4 September 2012
A study has revealed that people with Parkinson's disease and their relatives could be at an increased risk of prostate cancer and melanoma.
It has long been suspected that neurodegenerative diseases, particularly Parkinson's disease, could share common pathogenic mechanisms with some cancers.
Research published in the journal Archives of Neurology revealed that a significantly increased risk for prostate cancer and melanoma was found in Parkinson's disease patients, as well as their relatives.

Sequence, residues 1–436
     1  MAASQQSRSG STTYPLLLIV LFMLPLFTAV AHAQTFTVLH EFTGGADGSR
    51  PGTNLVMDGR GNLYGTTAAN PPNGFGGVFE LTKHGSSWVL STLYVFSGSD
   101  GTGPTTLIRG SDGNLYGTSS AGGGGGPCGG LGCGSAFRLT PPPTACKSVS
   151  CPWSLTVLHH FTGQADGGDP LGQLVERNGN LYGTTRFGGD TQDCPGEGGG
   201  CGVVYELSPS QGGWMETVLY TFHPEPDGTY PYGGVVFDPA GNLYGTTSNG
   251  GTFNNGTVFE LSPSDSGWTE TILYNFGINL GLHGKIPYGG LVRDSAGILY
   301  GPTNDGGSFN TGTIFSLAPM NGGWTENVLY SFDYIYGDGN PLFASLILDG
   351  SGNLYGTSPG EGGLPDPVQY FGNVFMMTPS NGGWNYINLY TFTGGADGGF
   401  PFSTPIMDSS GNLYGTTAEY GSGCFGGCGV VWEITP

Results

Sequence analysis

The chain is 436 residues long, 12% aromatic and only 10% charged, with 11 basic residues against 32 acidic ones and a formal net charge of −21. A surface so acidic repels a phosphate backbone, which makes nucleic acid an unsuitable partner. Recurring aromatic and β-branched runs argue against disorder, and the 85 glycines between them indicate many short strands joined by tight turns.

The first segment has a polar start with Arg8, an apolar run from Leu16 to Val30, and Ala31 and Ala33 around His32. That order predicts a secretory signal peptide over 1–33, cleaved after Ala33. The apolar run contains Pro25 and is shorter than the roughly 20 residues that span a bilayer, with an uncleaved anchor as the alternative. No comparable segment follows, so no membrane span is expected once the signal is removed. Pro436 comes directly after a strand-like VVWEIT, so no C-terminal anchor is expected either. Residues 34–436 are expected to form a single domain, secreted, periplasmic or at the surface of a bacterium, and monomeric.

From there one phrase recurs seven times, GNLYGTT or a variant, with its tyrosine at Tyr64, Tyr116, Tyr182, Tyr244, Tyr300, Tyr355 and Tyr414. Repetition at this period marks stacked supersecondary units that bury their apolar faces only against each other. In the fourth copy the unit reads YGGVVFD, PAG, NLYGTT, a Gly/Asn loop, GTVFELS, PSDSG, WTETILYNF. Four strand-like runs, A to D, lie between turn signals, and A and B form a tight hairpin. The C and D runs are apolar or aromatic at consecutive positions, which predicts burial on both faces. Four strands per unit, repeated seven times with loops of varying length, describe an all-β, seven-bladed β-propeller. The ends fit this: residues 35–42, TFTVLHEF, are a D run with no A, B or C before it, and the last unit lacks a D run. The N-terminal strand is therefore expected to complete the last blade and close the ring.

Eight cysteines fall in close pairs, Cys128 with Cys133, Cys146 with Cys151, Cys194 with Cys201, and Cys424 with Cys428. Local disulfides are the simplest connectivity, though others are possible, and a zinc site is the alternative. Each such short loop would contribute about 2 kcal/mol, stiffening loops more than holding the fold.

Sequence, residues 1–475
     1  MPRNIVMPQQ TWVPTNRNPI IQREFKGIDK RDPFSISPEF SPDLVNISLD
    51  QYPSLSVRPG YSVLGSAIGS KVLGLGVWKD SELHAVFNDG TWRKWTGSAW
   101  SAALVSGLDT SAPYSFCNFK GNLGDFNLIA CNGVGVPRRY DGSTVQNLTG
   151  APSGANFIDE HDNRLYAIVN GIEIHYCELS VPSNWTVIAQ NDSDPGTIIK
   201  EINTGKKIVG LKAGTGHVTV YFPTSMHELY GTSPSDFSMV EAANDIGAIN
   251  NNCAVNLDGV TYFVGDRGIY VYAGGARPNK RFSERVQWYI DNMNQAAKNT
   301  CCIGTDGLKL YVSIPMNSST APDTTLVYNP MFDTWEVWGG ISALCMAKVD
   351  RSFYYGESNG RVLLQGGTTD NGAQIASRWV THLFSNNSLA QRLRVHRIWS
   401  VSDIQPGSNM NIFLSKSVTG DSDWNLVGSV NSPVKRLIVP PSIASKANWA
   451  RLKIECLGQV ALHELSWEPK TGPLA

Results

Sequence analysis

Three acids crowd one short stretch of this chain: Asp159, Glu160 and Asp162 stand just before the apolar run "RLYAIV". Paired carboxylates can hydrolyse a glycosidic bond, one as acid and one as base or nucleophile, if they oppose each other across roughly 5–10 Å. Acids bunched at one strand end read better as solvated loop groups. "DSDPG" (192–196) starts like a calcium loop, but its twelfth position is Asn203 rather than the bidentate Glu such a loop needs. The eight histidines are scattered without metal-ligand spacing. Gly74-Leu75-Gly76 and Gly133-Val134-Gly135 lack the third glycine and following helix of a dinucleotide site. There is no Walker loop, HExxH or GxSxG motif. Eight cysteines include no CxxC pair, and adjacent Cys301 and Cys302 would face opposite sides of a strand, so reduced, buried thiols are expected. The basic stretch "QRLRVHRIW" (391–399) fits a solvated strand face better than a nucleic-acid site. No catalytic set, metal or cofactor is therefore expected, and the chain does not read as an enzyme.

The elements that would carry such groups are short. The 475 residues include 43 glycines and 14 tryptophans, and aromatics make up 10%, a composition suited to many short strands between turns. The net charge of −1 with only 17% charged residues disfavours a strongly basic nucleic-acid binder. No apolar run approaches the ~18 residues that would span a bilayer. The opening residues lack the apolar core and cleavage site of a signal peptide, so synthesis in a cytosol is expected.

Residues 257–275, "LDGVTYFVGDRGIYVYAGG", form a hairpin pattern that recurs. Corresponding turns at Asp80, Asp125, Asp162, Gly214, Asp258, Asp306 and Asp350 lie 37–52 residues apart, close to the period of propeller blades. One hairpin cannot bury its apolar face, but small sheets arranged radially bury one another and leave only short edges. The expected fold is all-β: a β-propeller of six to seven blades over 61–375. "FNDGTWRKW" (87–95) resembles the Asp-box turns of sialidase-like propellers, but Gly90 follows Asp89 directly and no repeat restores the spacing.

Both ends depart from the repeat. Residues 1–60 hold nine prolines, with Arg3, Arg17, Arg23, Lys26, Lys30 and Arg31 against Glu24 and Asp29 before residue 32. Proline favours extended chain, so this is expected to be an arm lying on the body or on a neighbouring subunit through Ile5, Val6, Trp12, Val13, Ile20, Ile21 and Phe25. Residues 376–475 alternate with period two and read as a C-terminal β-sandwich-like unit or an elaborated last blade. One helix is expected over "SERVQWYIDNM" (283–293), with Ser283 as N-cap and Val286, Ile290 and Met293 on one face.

Authors noted: "These data argue strongly for a significant shared genetic risk for specific cancers on the one hand and neurodegeneration on the other.
"These studies provide a framework for future definition of the precise nature of shared genetic variation leading to neurodegeneration in some individuals, but skin or prostate cancers in others, and they may influence strategies for skin and prostate cancer screening," the authors conclude.
This follows research that people with Parkinson's disease could improve their memory by getting a good night's sleep.
Posted by Jeanette Royston
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